Commentary: Three struggles South Korea faces in arresting COVID-19 outbreak
The way South Korea has been handling the COVID-19 outbreak will have major political ramifications, says Korea expert Robert E Kelly.
BUSAN: South Korea now has the second worst coronavirus outbreak in the world, surpassed only by China. More than 1,100 people are infected, and seven have died.
Unsurprisingly the political fallout is widening. The media coverage is getting sensational. Everyone has watched too many movies, and even South Korean TV is getting in on the action.
On Feb 25, the government designated the city of Daegu and its neighbouring North Gyeongsang province as “special care zones” under “maximum containment”. It is not clear just how severe movement restrictions are – specifically, will people be allowed to exit these hot zones?
The greater Daegu area accounts for around 75 per cent of South Korean coronavirus cases.
I remain optimistic that this will not explode into an epidemic as we are seeing in China. South Korea has a far better medical system than China (or North Korea).
And the reason we have so much good information about coronavirus in South Korea is its open press.
The real Korean issue, in my opinion, is if coronavirus spreads to the North. The health care system there is primitive and minimal. Any serious coronavirus cluster in North Korea might well spiral into a genuine plague.
And one can only imagine how the state there will respond – throwing those infected into camps and letting them struggle on their own would be my guess.
MANAGE THE SPREAD TO AVOID IMPACT ON ELECTIONS?
South Korea’s National Assembly elections occur on Apr 15. It is hardly a stretch to suggest that coronavirus will hurt the ruling, left-liberal Democratic Party.
South Korea’s President Moon Jae-in is already moderately unpopular. He has staked his presidency on the unrelated issue of outreach to North Korea.
Moon has pursued a vigorous détente with Pyongyang, and he helped midwife the meetings between North Korean leader Kim Jong-un and US President Donald Trump. Moon himself has met Kim, too.
Unfortunately, those meetings have not created a breakthrough. The basic standoff – the North wants to keep its nuclear weapons, while the US will not roll back sanctions unless it gives them up – is still in place.
Worse, Moon’s government has been in regular tension with America over the North, and South Korean contributions to US defence costs here. The alliance is popular here, and consequently Moon has taken much criticism in the conservative press.
So Moon’s Democrats were already facing a tough election. If coronavirus keeps going for a few more weeks, it will likely throw the elections to the right.
IMPOSE MOVEMENT RESTRICTIONS?
To my mind, the core issue behind the spread in South Korea is the country’s basic political liberalism. South Korea is a free society. People enjoy freedom of movement, association, and religion.
Should the South Korean state simply strip people of these freedoms in the circumstances of an epidemic? Indeed, can the South Korea state, constitutionally, even do that? (No one really knows.)
Do we really want to lock people up for weeks, just because they have a headache or a temperature? What constitutes a severe enough emergency to warrant such measures?
Recall that South Korea has 53 million people. Of that, 1,100 are infected, and only seven have died. That seems like a low bar to start declaring emergency civil liberties restrictions akin to wartime.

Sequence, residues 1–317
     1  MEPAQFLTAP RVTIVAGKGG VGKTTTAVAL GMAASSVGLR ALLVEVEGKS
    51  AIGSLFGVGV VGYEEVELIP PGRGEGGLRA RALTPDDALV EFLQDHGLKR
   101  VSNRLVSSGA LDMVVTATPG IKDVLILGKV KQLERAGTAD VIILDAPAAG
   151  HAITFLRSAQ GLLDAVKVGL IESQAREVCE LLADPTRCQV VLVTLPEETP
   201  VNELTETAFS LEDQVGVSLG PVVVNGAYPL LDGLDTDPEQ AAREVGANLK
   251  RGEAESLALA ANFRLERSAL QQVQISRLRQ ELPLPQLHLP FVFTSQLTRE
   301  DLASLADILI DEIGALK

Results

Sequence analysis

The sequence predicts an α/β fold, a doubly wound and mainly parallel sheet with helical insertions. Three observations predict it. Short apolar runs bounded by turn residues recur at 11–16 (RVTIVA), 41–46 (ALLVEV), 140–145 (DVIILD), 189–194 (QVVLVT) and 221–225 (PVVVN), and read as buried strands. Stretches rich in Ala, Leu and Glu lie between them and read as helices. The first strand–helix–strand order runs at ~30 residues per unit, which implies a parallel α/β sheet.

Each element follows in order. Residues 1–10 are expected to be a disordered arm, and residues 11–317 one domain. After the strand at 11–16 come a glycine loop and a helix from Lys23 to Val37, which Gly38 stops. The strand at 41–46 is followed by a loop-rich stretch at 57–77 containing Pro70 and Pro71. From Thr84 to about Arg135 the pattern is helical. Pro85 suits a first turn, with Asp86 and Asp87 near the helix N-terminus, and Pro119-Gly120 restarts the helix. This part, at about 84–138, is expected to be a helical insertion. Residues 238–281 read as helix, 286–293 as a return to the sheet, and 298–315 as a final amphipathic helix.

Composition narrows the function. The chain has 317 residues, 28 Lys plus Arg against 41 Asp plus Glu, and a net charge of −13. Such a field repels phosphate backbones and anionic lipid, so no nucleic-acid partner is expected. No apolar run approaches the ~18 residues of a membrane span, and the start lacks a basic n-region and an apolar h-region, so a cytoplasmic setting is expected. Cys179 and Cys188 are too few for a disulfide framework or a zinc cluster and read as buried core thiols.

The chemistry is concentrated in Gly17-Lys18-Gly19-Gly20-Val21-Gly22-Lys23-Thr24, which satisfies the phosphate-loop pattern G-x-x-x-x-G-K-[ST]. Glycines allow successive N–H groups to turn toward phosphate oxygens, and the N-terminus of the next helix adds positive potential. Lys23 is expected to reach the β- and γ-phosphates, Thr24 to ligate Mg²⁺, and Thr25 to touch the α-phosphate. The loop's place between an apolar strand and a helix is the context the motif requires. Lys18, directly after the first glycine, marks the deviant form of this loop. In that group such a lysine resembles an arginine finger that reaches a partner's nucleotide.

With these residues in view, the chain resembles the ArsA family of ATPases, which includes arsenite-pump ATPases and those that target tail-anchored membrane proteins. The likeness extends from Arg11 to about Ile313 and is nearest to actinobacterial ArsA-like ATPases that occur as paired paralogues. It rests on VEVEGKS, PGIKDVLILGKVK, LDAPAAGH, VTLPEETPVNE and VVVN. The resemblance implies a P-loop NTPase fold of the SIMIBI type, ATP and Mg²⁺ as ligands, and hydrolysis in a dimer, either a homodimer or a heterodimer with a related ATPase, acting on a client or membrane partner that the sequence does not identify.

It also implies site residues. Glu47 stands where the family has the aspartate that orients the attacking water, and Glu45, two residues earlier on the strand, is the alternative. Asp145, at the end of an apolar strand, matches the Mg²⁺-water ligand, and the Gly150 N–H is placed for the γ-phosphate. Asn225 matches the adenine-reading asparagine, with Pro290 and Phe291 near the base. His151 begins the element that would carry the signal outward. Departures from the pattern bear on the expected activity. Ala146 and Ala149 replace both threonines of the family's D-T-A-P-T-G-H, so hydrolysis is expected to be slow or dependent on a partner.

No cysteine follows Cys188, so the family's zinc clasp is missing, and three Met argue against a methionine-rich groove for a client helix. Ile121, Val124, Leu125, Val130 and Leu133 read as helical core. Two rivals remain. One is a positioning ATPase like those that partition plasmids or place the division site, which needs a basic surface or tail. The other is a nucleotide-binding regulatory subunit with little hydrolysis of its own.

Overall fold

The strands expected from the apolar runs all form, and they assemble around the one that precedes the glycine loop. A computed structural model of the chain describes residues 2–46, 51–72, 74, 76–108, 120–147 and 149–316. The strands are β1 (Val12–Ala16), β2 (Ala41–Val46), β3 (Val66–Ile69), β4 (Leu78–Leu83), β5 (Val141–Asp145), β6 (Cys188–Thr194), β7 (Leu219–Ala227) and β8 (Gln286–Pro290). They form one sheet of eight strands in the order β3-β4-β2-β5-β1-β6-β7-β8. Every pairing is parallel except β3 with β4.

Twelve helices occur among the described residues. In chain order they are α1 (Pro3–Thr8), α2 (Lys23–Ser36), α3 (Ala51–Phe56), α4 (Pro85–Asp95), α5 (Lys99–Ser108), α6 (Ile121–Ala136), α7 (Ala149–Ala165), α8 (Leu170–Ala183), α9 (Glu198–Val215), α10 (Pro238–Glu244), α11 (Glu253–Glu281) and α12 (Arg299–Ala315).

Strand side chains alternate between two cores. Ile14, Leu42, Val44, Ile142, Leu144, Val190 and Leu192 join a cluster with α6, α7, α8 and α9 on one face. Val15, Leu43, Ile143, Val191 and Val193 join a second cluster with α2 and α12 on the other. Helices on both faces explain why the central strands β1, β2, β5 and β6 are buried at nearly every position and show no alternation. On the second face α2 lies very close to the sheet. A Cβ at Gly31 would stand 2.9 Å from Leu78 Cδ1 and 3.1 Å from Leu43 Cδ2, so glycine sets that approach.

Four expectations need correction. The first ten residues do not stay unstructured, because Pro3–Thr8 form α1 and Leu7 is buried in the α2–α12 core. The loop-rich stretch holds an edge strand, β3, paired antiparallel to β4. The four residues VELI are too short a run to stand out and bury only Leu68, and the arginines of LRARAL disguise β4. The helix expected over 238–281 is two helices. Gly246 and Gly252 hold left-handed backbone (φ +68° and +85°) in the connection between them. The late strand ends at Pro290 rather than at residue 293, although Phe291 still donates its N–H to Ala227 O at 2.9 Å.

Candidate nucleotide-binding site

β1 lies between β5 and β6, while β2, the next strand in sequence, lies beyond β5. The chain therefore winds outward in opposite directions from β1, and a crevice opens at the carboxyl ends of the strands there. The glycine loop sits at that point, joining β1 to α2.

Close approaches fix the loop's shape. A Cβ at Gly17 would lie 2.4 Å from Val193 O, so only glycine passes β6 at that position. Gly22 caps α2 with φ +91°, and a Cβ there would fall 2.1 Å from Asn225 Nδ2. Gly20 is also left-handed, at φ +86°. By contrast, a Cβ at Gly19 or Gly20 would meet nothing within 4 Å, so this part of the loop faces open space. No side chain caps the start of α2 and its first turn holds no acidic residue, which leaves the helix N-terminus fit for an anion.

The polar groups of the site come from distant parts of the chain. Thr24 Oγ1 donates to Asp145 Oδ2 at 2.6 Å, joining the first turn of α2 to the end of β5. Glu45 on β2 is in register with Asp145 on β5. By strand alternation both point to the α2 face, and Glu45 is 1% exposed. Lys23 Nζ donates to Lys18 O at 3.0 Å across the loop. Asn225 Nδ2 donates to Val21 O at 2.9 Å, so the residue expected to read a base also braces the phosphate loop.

The state has encouraged people to avoid congregations, to wash their hands, wear masks, and so on. But that is different than using state power to quarantine people against their will.
Coerced quarantine has been Japan’s answer for the Diamond Princess cruise ship, and that has been very controversial, especially for the healthy people onboard.
A church in Daegu at the centre of the outbreak there similarly illustrates these tangled legal issues. Its congregants resisted state testing for coronavirus and held services when other churches desisted.
The virus spread, and now the South Korean state is actively hunting down thousands of churchgoers who have not turned up.
MOVE FASTER TO IMPOSE TRAVEL RESTRICTIONS?
When this is all over and the recriminations begin, I think Moon will take the greatest criticism over the lack of a China travel ban.
There is now nearly universal consensus across South Korean opinion that the president should have moved quickly to cut off China travel, much as many other countries did.
In fact, at the time of this writing, South Korea still has not done that. The logic seems to be that now is too late, so what is the point?
I have argued elsewhere that this hesitation is almost certainly political. South Korea is open to pressure. China is its top export destination, and South Korea remains export dependent.
Moon personally wants better relations for many reasons. Beijing can help bring North Korea to the table, as the North is singularly dependent on China for access to the world economy.
Better relations with China also mean more political space against Japan and the United States. This is deeply attractive to the South Korean left which sees Japan as an opponent, an unrepentant colonialist of the past. And Trump’s relentless picking on South Korea similarly creates a desire, especially on the left here, to draw distance from the Americans.
The next few weeks will be crucial on this final point. If coronavirus persists into March, Moon will likely be pushed into a China travel ban.
China will hit back economically, as it has in the past, but Moon will face an electoral disaster if it looks like he put his personal diplomatic projects over the health of the nation.
Robert E Kelly is a professor of international relations in the Department of Political Science and Diplomacy at Pusan National University. This commentary first appeared on Lowy Institute’s blog, The Interpreter.